First speaker: “This is a Christian nation, with a Christian founding, and the religion reflected in all of our founding documents is Christianity. None of our polity makes sense without the Judeo-Christian origins.”
Second speaker: “This is an Englightenment nation, whose major advantage was that it had the good fortune to be designed by rationalists to keep church and state separate, and to keep religion a private affair.”
First speaker: (produces reams of documents showing Christian influence on American ideals)
Second speaker: (cites Thomas Paine, Thomas Jefferson, Ben Franklin, etc.)
First speaker: “It’s so Christian!”
Second speaker: “It’s so not!”
Leaving these two characters to their own discussion (don’t worry, it’ll still be going on when we get back), we can save the whole subject with a little bit of nuance.
Let’s say you start with a chemically pure version of the Christian faith, in which you’ve isolated the thing itself and removed any contaminants. Then you put that into circulation in the late eighteenth century, when certain crying political needs are being felt. What you get is a particular application of some useful Christian ideas to the needs of the time. The resulting political/cultural/economic entity is a hybrid. The idea of America assembled by the founders has elements of its Judeo-Christian heritage (which is why Speaker 1 can go on forever without saying anything false) and elements of Enlightenment political theory (which is why Speaker 2 can do likewise). These two influences react on each other in unprecedented ways, and the hybrid turns out to be a vigorous and apparently stable organism.
Take as a case study the theology of the Declaration of Indpendence.
What is the doctrine about God that is operative in this founding document? The principal wordsmith was Jefferson, who was personally offended by the doctrine of the Trinity but had large views on religious tolerance (“It does me no injury for my neighbor to say there are twenty gods or no God. It neither picks my pocket nor breaks my leg.”). When God shows up in the Declaration, there are four main descriptions given of him:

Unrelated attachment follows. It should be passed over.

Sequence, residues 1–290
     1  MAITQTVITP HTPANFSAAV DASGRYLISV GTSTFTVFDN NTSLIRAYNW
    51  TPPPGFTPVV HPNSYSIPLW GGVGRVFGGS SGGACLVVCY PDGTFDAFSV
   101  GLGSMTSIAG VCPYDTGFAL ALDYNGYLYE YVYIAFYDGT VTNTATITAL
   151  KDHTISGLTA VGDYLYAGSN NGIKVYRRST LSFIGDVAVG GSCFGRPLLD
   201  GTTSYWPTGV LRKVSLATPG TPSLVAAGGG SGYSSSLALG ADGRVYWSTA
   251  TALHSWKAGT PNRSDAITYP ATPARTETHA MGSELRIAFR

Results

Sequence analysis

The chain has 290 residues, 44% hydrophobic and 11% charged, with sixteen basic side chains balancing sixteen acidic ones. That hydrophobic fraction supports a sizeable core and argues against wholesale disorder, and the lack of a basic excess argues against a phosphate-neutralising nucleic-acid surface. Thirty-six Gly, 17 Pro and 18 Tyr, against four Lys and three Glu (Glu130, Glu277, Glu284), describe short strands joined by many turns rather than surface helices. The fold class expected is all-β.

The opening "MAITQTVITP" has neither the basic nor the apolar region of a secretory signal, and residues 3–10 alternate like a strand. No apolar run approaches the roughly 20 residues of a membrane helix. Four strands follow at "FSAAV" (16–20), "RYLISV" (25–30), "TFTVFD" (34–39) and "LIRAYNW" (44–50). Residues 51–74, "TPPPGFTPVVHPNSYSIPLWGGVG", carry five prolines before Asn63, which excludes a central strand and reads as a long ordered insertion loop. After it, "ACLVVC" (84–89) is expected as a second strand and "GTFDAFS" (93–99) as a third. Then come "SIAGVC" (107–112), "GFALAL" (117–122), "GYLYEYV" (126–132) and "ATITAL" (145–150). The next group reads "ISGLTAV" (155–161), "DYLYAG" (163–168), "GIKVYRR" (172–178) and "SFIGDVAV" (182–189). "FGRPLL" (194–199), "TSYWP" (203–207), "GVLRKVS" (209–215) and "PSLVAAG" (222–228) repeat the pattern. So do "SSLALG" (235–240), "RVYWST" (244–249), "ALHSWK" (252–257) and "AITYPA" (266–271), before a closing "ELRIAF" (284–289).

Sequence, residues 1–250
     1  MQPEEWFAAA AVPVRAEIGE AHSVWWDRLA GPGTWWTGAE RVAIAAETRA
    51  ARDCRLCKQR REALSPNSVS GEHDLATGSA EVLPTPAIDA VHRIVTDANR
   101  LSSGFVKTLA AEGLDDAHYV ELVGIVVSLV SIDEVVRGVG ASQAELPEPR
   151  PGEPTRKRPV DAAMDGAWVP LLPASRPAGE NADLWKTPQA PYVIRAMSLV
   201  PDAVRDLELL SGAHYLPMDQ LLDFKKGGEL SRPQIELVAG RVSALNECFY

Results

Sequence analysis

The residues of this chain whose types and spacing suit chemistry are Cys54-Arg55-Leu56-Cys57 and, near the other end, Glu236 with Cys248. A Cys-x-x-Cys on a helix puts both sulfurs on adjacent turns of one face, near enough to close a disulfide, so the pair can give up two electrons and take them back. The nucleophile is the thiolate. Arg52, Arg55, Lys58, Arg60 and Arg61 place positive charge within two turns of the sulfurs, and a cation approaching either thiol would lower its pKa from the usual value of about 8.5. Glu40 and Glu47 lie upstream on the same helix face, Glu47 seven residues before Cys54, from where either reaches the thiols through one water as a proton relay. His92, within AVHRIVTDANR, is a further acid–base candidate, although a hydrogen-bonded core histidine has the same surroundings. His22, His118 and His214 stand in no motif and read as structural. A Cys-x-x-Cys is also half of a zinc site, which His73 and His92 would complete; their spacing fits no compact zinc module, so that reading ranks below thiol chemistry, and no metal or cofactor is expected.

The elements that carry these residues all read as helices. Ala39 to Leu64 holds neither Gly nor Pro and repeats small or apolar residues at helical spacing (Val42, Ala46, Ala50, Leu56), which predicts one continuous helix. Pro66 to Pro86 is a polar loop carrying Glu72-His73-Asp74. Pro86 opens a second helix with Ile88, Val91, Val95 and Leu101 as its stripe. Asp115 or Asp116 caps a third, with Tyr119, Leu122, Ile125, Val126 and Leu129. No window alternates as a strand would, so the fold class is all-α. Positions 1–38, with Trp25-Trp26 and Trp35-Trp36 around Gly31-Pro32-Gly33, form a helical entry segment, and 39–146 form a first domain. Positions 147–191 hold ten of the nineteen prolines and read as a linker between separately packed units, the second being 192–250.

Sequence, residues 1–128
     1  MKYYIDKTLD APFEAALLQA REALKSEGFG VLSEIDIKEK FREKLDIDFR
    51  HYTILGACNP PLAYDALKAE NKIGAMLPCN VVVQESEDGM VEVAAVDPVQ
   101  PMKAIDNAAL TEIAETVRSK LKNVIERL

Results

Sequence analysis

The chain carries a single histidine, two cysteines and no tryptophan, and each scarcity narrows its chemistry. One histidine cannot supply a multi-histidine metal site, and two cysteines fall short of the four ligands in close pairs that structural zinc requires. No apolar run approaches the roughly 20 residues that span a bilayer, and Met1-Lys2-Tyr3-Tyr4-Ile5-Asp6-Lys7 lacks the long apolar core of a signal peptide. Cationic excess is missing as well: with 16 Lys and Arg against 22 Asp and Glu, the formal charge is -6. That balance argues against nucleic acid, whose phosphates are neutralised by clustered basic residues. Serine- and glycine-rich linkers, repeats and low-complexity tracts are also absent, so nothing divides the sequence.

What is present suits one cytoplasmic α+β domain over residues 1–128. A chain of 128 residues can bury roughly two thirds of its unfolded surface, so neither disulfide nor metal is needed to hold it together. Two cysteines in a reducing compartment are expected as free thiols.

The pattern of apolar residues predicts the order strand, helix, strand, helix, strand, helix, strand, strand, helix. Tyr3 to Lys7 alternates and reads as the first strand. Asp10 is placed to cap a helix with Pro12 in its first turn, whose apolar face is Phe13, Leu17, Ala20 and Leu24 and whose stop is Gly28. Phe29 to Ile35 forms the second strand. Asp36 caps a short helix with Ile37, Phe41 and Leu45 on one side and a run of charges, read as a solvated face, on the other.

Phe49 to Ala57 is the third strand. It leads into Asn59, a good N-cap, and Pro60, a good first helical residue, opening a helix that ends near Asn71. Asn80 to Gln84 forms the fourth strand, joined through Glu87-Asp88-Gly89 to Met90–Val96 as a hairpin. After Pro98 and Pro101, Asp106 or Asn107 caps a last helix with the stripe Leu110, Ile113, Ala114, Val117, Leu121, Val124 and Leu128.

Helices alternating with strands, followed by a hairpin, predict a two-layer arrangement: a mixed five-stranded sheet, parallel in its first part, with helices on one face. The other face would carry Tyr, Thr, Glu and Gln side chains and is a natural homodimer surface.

1. Nature’s God (makes laws, the “laws of nature,” which entitle a people to freedom)
2. Creator of humanity (who endows men with unalienable rights)
3. The Supreme Judge of the world (keeps an eye on the right intentions of all)
4. Divine Providence (can be relied on to protect the innocent)
If you look harder, you can find more about God in the Declaration: He’s hiding in a lot of the big solid nouns that form the substantive vocabulary, underwriting notions like “duty.” Taken together, these phrases describe a God who functions in the American system as the ultimate source of human rights and responsibilities.
On the other hand, this Official God of the Declaration is a far cry from the character revealed in the New Testament. To test this, try addressing the Lord’s Prayer to God as conceived of in the Declaration: “Our Supreme Judge, who art in heaven, providence be thy name;” etc. Nature’s God, the creator, is not specific enough to be the God and Father of our Lord Jesus Christ, the first person of the Trinity, the one who so loved the world that he gave his only son.
If this God is Father, Son, and Holy Spirit in unity, he’s a God who’s not mentioning anything about it. In fact, he’s not mentioning anything: He seems to be the God we can know without any revelation, the God who can be known by human reason functioning properly and interpreting its own existence rightly. We must all come from some source, says Enlightened reason, and that source must be the basis of our sense of right and wrong, the foundation of rights and duties, the force which guides human history through wars, nation-building, and kings good or bad.
That’s a theology. It’s not simply identical with Christian theology, and it can even lead to some interesting tensions which will need to be negotiated (in the age of Lincoln and today). What, for example, can one count on divine Providence to do, if by “divine Providence” you mean something God’s not revealing anything about? Now there’s a question that reveals the gap between the God of the Declaration and the God of the New Testament.
From the Christian point of view, the New Testament obviously says a lot more, and better things every way, than the Declaration can say about God. The Declaration, in fact, is a kind of limitation, selective extrapolation, and exploitation of a few resources from the New Testament, or rather of a vigorous Protestant understanding of the New Testament.
Protestant theologian Karl Barth once compared the Declaration of the Rights of Man to the Declaration of Indpendence, probed their theologies, and concluded that “the Calvinism gone to seed of the American document still distinguishes itself favourably from the Catholicism gone to seed of the French one.” It’s worth remembering that the God of the Declaration (Nature’s God, the Supreme Judge, our creator, divine Providence) is based loosely on the God of Calvinism –that’s good. But it’s a Calvinism gone to seed –that’s bad. The resulting gap between Gods should not be shocking. It’s the gap between the the earthly city and the heavenly, reflected and refracted in a uniquely American form.